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you are talking about creating in Duluth-Superior 3,000 new jobs in manufacturing. You are talking about a very substantial investment. In plants alone you are talking about an investment of $11 million. Well, now, this is over a period of years. You are not going to solve this overnight, but let's say you are going to do this over a period of years, 5 years, or something like that. I feel that the Government ought to be in a position to take a larger part of each loan, or gain, it makes it harder to work, because it is harder to raise the rest of the money. Seventy-five percent is a tremendous amount of the loan to raise through other sources.
Now, it is too big a load.
Mr. MUMMA. There is nothing in the bill that would limit the primary loaner to 60 percent, or whatever it is. He could take 75 or 80 percent if he wanted to, couldn't he; that is, the insurance company could?
Mr. BATT. No. You are right. The Government could only take a maximum of 25.
Mr. MUMMA. I mean the other fellow could take it.
Mr. BATT. The other fellow could take a hundred, 80, or 90.
Mr. MUMMA. That doesn't limit him. He has the first lien. It depends on how big a chance he wants to take; doesn't it?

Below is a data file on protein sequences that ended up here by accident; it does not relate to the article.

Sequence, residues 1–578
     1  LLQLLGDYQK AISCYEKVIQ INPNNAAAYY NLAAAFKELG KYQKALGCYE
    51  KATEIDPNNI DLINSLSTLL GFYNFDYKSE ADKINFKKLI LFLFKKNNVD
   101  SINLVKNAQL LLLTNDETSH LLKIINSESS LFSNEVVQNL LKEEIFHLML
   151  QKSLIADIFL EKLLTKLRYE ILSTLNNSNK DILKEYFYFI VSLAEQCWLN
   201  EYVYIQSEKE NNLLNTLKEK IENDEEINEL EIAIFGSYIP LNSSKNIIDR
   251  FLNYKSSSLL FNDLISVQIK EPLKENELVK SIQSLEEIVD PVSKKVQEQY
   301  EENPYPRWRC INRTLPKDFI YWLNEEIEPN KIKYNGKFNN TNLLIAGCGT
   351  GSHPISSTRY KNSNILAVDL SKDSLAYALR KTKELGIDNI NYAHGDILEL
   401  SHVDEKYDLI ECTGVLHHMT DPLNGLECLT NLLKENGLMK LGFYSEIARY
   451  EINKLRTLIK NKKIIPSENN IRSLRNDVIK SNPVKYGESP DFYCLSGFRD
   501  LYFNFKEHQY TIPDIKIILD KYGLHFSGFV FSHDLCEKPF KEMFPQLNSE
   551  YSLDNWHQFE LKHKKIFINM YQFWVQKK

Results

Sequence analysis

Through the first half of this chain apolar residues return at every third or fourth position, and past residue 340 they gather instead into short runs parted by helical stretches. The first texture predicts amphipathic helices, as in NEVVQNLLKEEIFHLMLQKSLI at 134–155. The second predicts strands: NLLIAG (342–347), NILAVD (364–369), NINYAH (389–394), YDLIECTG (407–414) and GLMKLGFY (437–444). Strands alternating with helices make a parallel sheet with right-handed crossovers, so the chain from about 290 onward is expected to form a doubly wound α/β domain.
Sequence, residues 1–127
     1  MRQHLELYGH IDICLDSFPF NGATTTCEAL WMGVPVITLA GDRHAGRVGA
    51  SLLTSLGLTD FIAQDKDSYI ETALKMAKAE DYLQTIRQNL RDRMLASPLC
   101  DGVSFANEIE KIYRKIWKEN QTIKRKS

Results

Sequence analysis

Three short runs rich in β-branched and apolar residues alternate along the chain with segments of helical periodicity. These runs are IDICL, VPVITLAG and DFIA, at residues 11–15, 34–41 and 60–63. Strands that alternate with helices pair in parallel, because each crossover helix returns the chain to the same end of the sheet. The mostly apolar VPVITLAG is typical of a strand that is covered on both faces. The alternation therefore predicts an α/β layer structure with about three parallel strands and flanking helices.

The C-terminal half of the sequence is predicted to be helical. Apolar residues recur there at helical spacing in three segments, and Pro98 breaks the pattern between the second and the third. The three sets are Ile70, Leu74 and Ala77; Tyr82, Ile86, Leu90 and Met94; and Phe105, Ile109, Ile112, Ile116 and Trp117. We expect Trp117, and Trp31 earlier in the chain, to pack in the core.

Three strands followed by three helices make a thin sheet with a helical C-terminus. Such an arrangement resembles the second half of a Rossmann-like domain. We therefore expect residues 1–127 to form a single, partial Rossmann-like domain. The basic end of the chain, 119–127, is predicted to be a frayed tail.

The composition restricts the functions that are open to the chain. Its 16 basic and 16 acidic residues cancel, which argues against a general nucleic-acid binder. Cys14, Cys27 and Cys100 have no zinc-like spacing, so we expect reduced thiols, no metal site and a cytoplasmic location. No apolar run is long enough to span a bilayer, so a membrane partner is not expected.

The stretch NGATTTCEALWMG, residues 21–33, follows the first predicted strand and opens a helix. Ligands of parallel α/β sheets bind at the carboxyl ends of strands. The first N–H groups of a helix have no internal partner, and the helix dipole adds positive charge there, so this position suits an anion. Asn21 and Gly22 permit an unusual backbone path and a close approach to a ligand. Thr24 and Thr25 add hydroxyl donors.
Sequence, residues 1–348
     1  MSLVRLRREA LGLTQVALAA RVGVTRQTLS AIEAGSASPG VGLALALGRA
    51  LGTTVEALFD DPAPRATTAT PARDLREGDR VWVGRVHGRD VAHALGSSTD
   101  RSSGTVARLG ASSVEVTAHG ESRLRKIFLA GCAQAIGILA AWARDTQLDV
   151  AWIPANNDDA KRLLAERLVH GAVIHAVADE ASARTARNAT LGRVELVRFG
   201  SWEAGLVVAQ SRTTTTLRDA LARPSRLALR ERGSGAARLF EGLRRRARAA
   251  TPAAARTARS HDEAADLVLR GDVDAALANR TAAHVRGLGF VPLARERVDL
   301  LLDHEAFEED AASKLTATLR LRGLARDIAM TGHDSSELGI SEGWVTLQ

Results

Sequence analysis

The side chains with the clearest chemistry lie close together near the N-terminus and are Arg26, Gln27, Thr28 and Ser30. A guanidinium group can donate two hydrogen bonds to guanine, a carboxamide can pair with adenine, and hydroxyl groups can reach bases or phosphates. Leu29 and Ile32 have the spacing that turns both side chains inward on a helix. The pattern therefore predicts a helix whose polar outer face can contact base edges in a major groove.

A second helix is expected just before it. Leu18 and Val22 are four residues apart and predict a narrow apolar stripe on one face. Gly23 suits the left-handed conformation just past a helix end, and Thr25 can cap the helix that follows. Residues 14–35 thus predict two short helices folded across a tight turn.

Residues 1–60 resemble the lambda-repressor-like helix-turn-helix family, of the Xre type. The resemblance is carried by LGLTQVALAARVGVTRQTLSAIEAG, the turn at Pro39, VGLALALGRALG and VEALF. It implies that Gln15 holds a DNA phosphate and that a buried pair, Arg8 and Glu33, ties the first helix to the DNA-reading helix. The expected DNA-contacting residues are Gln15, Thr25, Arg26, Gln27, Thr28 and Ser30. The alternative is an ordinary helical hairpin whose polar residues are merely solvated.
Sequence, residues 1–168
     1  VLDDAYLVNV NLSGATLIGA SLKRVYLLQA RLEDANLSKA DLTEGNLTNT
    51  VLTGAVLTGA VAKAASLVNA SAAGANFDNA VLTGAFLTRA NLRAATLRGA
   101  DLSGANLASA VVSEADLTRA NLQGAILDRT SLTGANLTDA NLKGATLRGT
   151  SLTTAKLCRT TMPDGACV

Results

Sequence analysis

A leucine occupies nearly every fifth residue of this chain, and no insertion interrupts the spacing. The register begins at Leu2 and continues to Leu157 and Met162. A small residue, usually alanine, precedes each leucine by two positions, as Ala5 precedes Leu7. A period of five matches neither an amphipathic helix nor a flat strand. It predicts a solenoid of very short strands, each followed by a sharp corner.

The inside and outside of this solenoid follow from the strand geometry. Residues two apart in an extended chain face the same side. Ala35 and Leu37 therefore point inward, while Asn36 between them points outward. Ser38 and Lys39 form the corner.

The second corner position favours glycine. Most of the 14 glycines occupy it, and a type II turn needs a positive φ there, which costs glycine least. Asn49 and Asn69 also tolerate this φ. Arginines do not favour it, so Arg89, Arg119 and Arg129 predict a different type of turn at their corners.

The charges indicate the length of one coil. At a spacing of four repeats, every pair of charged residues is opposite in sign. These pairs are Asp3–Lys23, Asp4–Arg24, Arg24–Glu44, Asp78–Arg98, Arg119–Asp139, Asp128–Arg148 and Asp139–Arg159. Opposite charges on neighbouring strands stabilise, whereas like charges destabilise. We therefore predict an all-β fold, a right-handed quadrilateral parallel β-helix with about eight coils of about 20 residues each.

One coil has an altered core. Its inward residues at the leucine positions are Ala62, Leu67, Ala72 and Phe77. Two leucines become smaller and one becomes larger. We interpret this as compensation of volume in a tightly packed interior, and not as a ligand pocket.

Mr. BATT. Yes, sir.
Mr. MUMMA. The Government is the only one that is limited.
Mr. BATT. I think your Government is the primary lien, isn't it? Mr. MUMMA. No; the Government is the third.
Mr. CARDON. Local is the third, Federal second.
Mr. BATT. There is no limitation on that. I think if you make it more liberal, you make the club easier to get into, and I think you just have a more effective instrument to work with.
Mr. MUMMA. It would make it easier.
Mr. BATT. That is right. You have a more effective instrument to work with.
Mr. MUMMA. May I ask you, do they make mining machinery in Duluth?
Mr. BATT. Mining is seasonal. When the lakes are open, they are fine. The rest of the year they are not.
Mr. MUMMA. What is the cause of the unemployment above the seasonal; is there any?
Mr. BATT. I don't know, sir, unless the primary cause is seasonal. Mr. BETTS. You would have a hard time finding an industry to go in where employment is seasonal; wouldn't you?
Mr. BATT. Well, sir, you change the character of employment in the area. You would make it harder for your seasonal employers to get workers. You would give much more stability to the area. You wouldn't have any trouble getting workers, I don't think.
Mr. MUMMA. Doesn't this taconite help it?
Mr. BATT. I would hope it would. It is pretty well down the road at the moment.
Mr. MUMMA. It is used in a manufacturing process; isn't it?
Mr. BATT. It has an enormous future. Again, I suppose it will have the same seasonal characteristics as the iron mining has.
Mr. MUMMA. You would want to take the impurities out of the iron year around.
Mr. BATT. I don't know enough about the taconite business to be intelligent on that, sir.
I would like to make a couple of more comments, one on the advisory board.